Hospital volunteers lend an ‘eager ear’

Adirondack Medical Center volunteer Kathy Durkin answers phones and runs the welcome desk at the Saranac Lake hospital. (Enterprise photo — Griffin Kelly)

SARANAC LAKE — In a hospital, if you break a bone, you see an orthopedist. If shrimp suddenly starts giving you hives, you see an allergist. If you suffer from a heart condition, you see a cardiologist.

There are all these special practices and professionals to help with any type of ailment. However, if you’re perfectly fine but have a sick loved one, it can sometimes be difficult to find comfort, compassion and just someone to talk to.

That’s where the Adirondack Medical Center volunteers help out. On the surface, Kathy Durkin might direct people to where they need to go, and Karen Potts and Marcia Doty in the gift shop will help people pick out the right flowers for a sick friend, but their relationships with patients and hospital guests go deeper than that.

“I like to try and be a good listener,” Potts said. “Sometimes patients or families come in and they’re not happy, and I just listen. I think they appreciate that and feel better. I really do. It’s usually families of patients and somebody might be in the (intensive care unit) or the ER. You can tell.”

Potts has volunteered in the hospital gift shop on and off for 10 years.

“I don’t log my hours,” she said. “That’s not why I’m here.”

Doty said people appreciate an eager ear willing to listen to problems.

“It makes them feel comfortable that somebody else is sympathetic,” she said.

Recently, Durkin helped a woman find her way to her doctor’s office.

“She turned and said, ‘I really appreciate that smile when I came in that door,'” Durkin said. “I thought that was sweet.”

As a joke, a former volunteer bought a Peanuts-style sign that says, “Psychiatric Help, 5 cents,” to hang over Adirondack Health Volunteer Coordinator Kelly Rutledge’s office door.

“That’s really what goes on all day long, particularly with the volunteers,” she said.

Doty used to work full-time at AMC as a secretary in the surgical unit. She had to retire because her husband got sick, but she couldn’t just leave everything behind.

“I worked here for so many years, so volunteering is kind of like coming home,” she said. “I actually didn’t want to retire. I think I would still be up there on surgical.”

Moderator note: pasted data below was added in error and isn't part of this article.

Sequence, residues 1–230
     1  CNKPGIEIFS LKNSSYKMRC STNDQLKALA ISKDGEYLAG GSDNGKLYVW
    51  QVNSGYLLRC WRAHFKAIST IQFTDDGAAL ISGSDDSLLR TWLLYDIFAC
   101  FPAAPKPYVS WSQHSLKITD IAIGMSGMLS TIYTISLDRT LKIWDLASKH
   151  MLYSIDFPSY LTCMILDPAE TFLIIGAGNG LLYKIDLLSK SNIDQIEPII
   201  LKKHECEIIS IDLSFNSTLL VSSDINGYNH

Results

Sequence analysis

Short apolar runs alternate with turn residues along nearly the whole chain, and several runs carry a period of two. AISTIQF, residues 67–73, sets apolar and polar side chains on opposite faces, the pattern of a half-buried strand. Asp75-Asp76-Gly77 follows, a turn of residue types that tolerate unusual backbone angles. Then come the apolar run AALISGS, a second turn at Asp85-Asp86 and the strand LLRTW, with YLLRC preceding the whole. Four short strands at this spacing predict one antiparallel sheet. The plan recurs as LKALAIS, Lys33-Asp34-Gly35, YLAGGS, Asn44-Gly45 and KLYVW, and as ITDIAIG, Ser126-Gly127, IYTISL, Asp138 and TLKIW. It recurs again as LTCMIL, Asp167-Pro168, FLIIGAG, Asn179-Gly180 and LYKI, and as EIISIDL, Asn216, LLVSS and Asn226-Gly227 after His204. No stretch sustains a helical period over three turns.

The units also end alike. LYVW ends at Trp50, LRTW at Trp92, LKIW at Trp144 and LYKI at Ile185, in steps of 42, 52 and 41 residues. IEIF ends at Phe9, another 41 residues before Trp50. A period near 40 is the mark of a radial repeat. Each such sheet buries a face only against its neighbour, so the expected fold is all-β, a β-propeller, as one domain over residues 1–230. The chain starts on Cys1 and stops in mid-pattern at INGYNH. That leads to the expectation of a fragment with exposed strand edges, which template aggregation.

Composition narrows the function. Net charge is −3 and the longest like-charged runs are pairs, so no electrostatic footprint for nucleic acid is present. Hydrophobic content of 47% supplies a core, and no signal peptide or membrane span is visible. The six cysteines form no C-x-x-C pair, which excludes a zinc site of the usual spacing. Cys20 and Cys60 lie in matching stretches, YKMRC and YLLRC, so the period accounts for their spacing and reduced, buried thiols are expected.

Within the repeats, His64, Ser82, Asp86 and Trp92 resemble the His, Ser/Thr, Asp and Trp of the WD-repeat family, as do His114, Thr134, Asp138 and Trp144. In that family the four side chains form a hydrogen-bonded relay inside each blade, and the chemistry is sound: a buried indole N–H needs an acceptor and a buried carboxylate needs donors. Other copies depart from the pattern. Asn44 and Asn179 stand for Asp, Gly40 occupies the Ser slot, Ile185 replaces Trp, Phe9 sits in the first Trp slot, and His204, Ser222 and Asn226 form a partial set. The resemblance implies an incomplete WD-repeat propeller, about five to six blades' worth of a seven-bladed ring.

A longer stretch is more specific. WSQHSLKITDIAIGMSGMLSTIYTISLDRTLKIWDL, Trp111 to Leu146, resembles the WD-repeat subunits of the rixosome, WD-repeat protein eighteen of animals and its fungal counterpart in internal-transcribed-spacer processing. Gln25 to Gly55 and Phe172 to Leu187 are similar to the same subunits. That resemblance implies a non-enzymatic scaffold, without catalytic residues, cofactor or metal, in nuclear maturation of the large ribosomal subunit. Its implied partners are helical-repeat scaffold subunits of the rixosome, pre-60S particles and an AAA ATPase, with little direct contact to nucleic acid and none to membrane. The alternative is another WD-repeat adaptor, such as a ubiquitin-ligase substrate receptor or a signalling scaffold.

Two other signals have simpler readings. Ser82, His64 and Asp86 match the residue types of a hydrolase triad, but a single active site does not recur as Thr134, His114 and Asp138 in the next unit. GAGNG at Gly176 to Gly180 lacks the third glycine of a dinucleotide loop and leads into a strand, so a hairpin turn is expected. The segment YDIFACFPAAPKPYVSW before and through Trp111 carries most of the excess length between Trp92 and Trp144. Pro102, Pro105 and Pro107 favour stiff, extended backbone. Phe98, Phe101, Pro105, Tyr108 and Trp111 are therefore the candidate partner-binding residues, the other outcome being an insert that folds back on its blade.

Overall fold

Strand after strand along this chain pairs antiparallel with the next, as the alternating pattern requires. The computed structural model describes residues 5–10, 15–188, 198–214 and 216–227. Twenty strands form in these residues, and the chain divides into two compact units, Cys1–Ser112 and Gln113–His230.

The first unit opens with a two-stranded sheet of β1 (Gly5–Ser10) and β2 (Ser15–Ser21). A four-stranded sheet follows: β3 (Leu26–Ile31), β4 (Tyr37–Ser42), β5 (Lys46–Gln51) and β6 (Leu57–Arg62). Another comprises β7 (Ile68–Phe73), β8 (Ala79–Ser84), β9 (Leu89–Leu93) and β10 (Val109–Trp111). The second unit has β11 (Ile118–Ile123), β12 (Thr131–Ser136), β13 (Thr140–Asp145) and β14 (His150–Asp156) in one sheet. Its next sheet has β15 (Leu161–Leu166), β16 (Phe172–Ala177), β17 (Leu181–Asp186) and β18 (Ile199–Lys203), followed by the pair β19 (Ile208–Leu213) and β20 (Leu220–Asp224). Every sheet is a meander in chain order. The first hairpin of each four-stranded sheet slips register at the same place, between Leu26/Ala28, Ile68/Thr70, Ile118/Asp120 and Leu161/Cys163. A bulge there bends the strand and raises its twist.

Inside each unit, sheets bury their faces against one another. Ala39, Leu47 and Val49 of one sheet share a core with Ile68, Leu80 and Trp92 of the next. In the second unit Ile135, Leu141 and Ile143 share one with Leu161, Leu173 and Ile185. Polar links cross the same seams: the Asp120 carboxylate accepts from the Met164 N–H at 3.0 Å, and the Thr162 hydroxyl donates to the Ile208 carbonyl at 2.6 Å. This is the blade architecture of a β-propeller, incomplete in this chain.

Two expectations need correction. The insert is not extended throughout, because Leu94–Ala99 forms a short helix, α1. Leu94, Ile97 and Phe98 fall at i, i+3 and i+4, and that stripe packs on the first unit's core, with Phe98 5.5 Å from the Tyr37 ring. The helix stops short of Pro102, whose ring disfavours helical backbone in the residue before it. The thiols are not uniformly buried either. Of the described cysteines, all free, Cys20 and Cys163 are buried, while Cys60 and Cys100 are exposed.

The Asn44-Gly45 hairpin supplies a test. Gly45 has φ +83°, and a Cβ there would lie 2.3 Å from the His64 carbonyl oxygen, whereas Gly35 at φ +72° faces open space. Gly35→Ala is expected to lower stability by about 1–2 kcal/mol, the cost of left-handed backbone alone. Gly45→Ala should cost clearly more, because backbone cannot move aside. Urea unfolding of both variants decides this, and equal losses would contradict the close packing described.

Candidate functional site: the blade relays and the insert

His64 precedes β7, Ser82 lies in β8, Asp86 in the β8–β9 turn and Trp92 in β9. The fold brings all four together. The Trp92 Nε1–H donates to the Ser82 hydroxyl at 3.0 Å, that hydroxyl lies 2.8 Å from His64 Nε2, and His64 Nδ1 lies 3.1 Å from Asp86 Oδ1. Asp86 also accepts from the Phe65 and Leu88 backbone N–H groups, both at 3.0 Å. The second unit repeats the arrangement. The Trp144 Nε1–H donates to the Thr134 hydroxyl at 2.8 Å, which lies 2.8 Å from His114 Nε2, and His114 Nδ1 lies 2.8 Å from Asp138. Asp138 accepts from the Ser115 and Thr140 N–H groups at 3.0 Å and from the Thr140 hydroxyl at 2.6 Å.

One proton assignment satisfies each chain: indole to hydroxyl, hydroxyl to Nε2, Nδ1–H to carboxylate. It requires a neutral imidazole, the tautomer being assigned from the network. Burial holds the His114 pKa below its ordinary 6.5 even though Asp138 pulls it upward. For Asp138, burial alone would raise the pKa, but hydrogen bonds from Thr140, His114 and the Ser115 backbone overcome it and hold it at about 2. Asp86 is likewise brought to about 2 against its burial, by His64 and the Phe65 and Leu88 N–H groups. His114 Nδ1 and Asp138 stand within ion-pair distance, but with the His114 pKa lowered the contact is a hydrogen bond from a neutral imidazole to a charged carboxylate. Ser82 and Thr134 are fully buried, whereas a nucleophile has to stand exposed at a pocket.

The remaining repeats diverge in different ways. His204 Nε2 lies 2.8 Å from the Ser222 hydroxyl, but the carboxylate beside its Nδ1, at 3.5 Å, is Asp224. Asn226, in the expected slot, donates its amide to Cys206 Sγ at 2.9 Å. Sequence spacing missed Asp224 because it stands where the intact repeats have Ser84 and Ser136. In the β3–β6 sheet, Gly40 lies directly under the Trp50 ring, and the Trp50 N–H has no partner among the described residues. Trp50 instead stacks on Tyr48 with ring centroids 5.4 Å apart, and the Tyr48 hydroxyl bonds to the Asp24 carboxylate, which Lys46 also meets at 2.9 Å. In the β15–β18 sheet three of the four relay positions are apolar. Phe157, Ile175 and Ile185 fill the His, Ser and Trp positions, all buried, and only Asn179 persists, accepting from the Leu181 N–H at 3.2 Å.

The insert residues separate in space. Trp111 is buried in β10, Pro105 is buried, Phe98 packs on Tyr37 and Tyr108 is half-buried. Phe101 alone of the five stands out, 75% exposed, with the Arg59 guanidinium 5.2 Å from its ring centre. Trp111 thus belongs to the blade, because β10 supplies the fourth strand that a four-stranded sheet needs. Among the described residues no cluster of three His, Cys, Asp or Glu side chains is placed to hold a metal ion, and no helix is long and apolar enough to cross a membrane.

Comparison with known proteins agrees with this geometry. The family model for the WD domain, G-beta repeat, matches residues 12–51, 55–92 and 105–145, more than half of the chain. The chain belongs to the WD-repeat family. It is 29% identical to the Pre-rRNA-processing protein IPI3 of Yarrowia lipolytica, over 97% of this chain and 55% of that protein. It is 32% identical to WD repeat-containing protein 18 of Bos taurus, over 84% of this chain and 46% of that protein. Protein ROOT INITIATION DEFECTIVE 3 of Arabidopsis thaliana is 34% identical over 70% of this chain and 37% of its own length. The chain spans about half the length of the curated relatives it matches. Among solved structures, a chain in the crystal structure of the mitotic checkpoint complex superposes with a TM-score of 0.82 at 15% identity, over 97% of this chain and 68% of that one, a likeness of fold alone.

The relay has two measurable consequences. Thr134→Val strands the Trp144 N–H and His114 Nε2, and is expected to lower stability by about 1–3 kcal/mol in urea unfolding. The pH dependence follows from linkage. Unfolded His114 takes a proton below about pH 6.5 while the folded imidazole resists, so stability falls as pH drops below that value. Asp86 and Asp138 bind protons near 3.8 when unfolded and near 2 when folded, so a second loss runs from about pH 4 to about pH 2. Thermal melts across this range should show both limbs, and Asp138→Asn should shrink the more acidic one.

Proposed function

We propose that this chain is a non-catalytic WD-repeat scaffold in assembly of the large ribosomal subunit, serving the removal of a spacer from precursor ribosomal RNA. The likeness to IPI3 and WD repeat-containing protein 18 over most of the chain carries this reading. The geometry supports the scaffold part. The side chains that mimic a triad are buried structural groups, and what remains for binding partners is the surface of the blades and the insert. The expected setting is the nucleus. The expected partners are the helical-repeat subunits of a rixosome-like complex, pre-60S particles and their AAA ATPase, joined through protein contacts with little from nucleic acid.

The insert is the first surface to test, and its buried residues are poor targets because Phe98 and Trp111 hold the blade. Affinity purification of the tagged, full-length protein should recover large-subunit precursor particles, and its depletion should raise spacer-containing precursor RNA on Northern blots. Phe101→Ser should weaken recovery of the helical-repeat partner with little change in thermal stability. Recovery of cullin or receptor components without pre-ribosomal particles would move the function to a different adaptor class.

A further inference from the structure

Doty said she volunteers because the work keeps her busy at the age of 82.

“It’s to keep myself from becoming senile,” she said. “I still love being with people. I’m able to do it, so hopefully, I’ll do it until I’m not able. It’s great to get out and see people and be part of something.”

Durkin moved to Malone three years ago, so once a week she drives an hour south to volunteer at the front desk.

“I like that they really appreciate their volunteers here,” she said. “I don’t think every hospital does that. I’d rather volunteer here than anywhere else. It gives you self-satisfaction.”

She started volunteering in 2013, a year after she suffered a stroke.

“I was having trouble walking and had to use a cane,” she said. “But then I noticed that down all the hallways are little railings you can grab onto. I swear that’s why I’m not using a cane anymore. I was busy, and I wanted to walk faster. I haven’t used a cane since 2014, and I don’t use the railings, either.”

Currently, Adirondack Health has 35 volunteers. Most get involved through word of mouth, Rutledge said.

“Our volunteers talk us up pretty well because they enjoy being here,” she said. “A lot of people are intimidated by coming into the hospital. Whether they’ve had a bad experience or a good experience here, I think some people shy away from it. I think it takes a special kind of person to volunteer here.”


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